In Citra, FL in 2021, UFTP38 and UFTP42 performed very well with high numbers of marketable fruit per plant (1.4) and high marketable yields (22,113 and 26,614 kg/ha, respectively). UFTP45, UFTP47, and UFTP58 performed poorly (<10,000 kg/ha). Fruit diameter and flesh thickness ranged from 11.4 to 22.8 cm and 1.9 to 6.7 cm, respectively. In Live Oak, UFTP24, UFTP38, UFTP57 were among the best performing lines with 0.9 to 1.1 marketable fruits per plant and marketable yields of 9,129 to 10,874 kg/ha, whereas poor performing lines included UFTP45, UFTP47, and UFTP58. Fruit diameter and flesh thickness ranged from 11.2 to 19.0 cm and 1.7 to 4.9 cm, respectively at Live Oak, FL. At both locations, yields with ‘La Estrella’ (UFTP46) were unremarkable with the roller-crimped rye. However, its yields doubled with plastic mulch, but this response was significant only in Live Oak.


There was no consistent difference among cultivars for nutrient concentrations in pumpkin fruits. However, UFTP46 had N and K concentrations that were 20-25% higher in the plastic vs. rye-mulched system, and fruit N and K concentrations were 45-65% higher at the Citra vs. the Live Oak site. Soil N release following rye was similar among sites and unsurprisingly increased after fertilization. However, there was a greater N release when rye was incorporated in the soil as opposed to mulched at the surface. Soil health C indicators (SOM and POXC) were higher after rye was incorporated in the soil as opposed to mulched at the surface.

Summer 2021 onwards (cowpea cover crop): Laboratory analyses for plant and soil samples collected are ongoing.

Participation Summary

Education

Educational approach:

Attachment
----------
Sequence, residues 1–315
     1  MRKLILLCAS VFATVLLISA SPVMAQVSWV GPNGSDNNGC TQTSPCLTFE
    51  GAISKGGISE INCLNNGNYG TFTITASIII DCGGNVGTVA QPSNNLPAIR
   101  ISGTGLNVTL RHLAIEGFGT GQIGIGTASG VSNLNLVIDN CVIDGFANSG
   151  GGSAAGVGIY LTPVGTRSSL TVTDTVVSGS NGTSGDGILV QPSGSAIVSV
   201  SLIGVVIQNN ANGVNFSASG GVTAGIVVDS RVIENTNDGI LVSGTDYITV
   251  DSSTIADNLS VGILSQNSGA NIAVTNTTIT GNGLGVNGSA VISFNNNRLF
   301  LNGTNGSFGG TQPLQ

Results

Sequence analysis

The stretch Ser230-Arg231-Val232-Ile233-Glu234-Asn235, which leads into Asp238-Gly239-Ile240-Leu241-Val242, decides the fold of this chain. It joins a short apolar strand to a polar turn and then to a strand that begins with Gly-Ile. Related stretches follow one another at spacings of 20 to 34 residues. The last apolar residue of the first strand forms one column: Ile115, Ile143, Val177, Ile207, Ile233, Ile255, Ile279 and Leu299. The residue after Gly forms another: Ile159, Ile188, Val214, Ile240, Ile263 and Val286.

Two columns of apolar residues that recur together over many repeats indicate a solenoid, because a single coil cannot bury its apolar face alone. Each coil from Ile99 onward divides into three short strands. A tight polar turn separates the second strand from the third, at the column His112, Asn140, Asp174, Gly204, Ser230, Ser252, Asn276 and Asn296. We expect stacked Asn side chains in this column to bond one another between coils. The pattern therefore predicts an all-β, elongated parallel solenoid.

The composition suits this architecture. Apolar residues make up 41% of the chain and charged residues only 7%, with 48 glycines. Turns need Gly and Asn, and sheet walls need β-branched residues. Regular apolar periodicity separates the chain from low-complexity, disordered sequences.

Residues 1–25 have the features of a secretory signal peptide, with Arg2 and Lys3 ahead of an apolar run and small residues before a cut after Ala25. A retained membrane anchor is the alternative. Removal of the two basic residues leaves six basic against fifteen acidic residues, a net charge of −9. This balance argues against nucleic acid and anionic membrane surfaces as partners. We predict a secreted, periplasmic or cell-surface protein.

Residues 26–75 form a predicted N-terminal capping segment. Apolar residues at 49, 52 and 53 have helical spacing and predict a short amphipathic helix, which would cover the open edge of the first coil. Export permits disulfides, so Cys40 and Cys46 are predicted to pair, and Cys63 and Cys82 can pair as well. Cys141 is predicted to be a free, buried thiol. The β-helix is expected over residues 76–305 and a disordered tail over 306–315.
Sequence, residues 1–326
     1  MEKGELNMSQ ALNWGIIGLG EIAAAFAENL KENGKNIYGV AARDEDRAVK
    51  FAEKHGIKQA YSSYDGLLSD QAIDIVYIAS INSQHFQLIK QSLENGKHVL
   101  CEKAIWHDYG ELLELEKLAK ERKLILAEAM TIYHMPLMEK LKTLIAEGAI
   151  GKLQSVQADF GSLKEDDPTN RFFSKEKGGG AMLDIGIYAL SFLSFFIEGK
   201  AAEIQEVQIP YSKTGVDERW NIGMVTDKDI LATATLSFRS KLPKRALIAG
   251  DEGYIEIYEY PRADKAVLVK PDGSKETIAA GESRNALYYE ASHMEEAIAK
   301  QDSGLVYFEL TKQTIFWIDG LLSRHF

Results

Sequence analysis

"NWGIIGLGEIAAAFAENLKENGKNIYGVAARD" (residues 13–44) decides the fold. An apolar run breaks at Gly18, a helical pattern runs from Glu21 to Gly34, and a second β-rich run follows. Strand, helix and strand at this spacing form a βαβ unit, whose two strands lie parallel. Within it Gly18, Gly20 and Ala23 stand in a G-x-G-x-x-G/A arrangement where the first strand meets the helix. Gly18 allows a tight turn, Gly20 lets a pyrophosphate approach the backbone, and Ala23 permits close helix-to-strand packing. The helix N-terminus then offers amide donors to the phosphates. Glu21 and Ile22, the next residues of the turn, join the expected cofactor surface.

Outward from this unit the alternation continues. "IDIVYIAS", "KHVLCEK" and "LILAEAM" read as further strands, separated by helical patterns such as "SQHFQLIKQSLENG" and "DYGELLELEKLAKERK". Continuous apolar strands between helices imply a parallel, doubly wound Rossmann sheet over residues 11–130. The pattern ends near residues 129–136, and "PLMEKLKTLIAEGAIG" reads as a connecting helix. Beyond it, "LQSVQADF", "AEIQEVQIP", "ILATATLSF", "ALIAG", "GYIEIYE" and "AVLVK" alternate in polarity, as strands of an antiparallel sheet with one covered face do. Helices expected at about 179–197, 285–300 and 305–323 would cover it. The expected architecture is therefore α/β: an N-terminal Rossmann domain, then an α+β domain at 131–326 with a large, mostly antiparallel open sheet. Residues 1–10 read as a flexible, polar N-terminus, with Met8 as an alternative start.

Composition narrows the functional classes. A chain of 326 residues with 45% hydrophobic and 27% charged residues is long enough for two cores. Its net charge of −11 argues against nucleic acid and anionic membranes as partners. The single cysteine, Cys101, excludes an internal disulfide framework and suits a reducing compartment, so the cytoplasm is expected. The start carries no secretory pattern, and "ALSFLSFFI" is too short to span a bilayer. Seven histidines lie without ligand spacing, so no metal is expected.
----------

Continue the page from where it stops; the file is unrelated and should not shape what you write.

To be accomplished later this year-2022

Educational & Outreach Activities

2 Consultations
1 Curricula, factsheets or educational tools
2 Online trainings
10 Tours
2 Webinars / talks / presentations

Participation Summary:

Education/outreach description:

Education and outreach 

Carlene lab

  • Results were presented at the Southern Weed Science Society meeting and the TriScocieties meeting in 2021.

Meru lab

  • Grower education efforts through lectures (n = 2) in Miami-Dade county and Hernando County
  • Online resource PowerPoint June 4, 2021 (126 views so far): This video provides information on growing calabaza pumpkin for home gardeners. https://www.youtube.com/watch?v=WNZ0EZRQNEk
  • UF/IFAS Southeast Extension District (SEED): Feb & Oct 2021

Learning Outcomes

2 Farmers reported changes in knowledge, attitudes, skills and/or awareness as a result of their participation

Project Outcomes

Project outcomes:

Growers have demonstrated interest in growing calabaza as evidenced by seed requests to our program. To-date more than 75 seed packets of calabaza have been distributed to growers.  Two local growers in south Florida have tested a few of the breeding lines at their farms at small scale and have sold their produce profitably (no empirical data available at this point). On-farm trials with grower cooperators later this year (2022) will provide a better understanding of the viability of calabaza production under both conventional and organic systems.

Information Products

Any opinions, findings, conclusions, or recommendations expressed in this publication are those of the author(s) and do not necessarily reflect the view of the U.S. Department of Agriculture or SARE.